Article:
‘Epic is just another store,’ said Hervé Hoerdt, the Bandai Namco Entertainment Europe senior vice president of marketing, digital and content. ‘It’s fantastic, they have a lot of strength and [lots of] users, the business model is attractive to us because it’s more profitable but still, their interest is, if I’m correct, exclusivity. And this is not our vision.’ Although the publisher would consider partnering with Epic Games, Bandai Namco strives to engage the widest audience with its current and future games. A Ubisoft executive deemed Steam’s revenue split ‘unrealistic’ for the modern gaming industry, and Metro executive Klemens Kundratitz agreed. ‘As an industry and as a publisher, we should welcome Epic and their business model,’ he said.
Yakuza 7 takes turn-based combat to Yokohama in new trailer
Boy howdy. Yakuza 7: Hikari to Yami no Yukue follows the story of Ichiban Kasuga who takes the fall for a fellow yakuza and serves an 18 year prison sentence. Once he is released, there is no one to welcome him, and Kasuga is shot and gravely injured by his old boss. Along with a new protagonist, it’s set in a new location. Kasuga wakes up in Yokohama, which will be ‘more than three times the size of Kamurocho in Tokyo.’ Yakuza 7 will introduce turn-based tactical combat to the series as Kasuga and his party seek retribution for the disappearance of his family. The game will release for PlayStation 4 on January 16, 2020 in Japan, and at a later date for Europe and North America.
Ion Fury developer will not remove homophobic content due to ‘censorship’
Voidpoint, the developer of retro pixel shooter Ion Fury, released a statement that it would remove the homophobic content in its game. Namely, this would be the hidden room with the word ‘fagbag’ written across it, and a hand soap asset called ‘Ogay’ found in bathrooms. The game then got review bombed on Steam, with fans expressing upset at how Voidpoint had bowed to SJW pressure. After that, the developer published a joint statement with its publisher, 3D Realms, that stated it wouldn’t remove the ‘Ogay’ hand soap because that would be ‘censorship’. Previous critics lauded its revoked decision, but Ion Fury landed another bout of review bombing from people who wanted the jokes cut completely. One review on Steam read, ‘I would’ve been on team OGAY if I was still a 14 year old, but I’ve grown up and don’t want any part of the culture attached to this game and gaming in general. Punching down is not funny to most decent people. Good bye, from a long time 3DRealms fan from back in the day.’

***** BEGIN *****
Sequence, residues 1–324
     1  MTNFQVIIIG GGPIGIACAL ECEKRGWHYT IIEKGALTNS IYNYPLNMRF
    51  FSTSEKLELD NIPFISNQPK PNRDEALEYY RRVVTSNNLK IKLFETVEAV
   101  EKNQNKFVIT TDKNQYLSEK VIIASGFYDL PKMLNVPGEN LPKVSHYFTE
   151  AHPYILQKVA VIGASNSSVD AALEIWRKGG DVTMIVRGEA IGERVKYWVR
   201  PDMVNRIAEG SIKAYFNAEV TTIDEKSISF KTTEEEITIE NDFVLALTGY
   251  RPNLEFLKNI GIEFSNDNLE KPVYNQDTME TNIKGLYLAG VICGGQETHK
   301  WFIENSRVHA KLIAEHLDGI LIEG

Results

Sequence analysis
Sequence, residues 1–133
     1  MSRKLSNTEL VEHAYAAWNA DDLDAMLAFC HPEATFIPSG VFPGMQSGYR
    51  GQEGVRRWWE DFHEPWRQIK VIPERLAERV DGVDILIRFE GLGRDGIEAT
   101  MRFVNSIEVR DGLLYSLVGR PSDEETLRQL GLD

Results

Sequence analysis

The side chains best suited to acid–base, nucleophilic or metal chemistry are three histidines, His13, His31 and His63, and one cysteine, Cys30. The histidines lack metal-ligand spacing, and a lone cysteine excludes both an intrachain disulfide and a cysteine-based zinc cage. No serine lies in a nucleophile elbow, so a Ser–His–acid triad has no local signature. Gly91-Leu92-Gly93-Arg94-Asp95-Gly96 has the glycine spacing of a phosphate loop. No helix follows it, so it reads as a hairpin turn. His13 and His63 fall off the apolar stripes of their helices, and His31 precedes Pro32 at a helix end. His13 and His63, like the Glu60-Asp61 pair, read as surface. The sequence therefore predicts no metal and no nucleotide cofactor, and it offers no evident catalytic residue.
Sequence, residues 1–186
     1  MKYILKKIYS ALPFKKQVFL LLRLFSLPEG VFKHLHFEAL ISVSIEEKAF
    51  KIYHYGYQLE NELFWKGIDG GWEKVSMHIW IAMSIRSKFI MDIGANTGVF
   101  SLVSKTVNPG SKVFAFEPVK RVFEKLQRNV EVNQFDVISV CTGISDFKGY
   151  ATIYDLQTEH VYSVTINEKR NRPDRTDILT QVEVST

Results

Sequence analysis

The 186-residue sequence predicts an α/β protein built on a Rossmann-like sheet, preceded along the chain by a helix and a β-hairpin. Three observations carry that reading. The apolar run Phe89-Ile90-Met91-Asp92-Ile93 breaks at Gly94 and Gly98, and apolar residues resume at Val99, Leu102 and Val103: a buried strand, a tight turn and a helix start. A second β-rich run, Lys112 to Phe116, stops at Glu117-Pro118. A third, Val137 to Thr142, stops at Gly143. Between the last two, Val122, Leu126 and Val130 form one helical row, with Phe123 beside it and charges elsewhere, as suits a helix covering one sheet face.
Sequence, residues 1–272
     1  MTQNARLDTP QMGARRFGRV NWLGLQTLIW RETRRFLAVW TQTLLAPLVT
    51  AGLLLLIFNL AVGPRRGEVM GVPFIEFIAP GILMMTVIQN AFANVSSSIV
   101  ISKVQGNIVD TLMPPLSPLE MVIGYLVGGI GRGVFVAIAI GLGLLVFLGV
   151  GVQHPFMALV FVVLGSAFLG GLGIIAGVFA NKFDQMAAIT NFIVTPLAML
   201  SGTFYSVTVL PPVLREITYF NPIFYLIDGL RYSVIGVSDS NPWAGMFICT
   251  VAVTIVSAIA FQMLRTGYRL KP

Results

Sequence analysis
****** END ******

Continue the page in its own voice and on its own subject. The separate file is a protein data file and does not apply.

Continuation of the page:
Cyberpunk 2077 gets new details on companions, enemies, and underwater exploration
Cyberpunk 2077’s lead quest designer, Pawel Sasko, revealed that your companions will have their own unique abilities, but, unlike Skyrim or Fallout, they won’t be taking orders. There are certain circumstances that will allow the player to direct the companion, but they will be pretty independent for the most part. Each zone of Night City will have specific loot to be found, as opposed to a randomised system, and there will be underground zones as well as the streets and apartments above ground. Enemies will possess different strengths and weaknesses based on their augmentations. V is also able to swim, which suggests that there will be deep dives into the mysteries surrounding Night City. Finally, the character customisation will use body types and different voices instead of a binary gender system. Senior concept artist Marthe Jonkers said, ‘We want you to feel free to create any character you want.’
Capcom teases Project Resistance, the new Resident Evil game
Capcom has set up an official website that teases a worldwide reveal for Project Resistance on September 9. Resident Evil Ambassadors had been invited to playtesting sessions for an ‘in development project’, so there was a rumour or few that this project would show up soon. Attendees of the Tokyo Game Show have the chance to get hands on with the game, but it seems that images of the next Resident Evil title have leaked through a YouTube thumbnail grabber. Putting the Project Resistance live-stream link into the tool throws up four images of four characters with their own weapons and a distinctly ‘90s era wardrobe. We could speculate that the next game is a co-op squad shooter, à la Left 4 Dead, but for now we’ll wait until Capcom acknowledges the images or until the reveal, on September 9.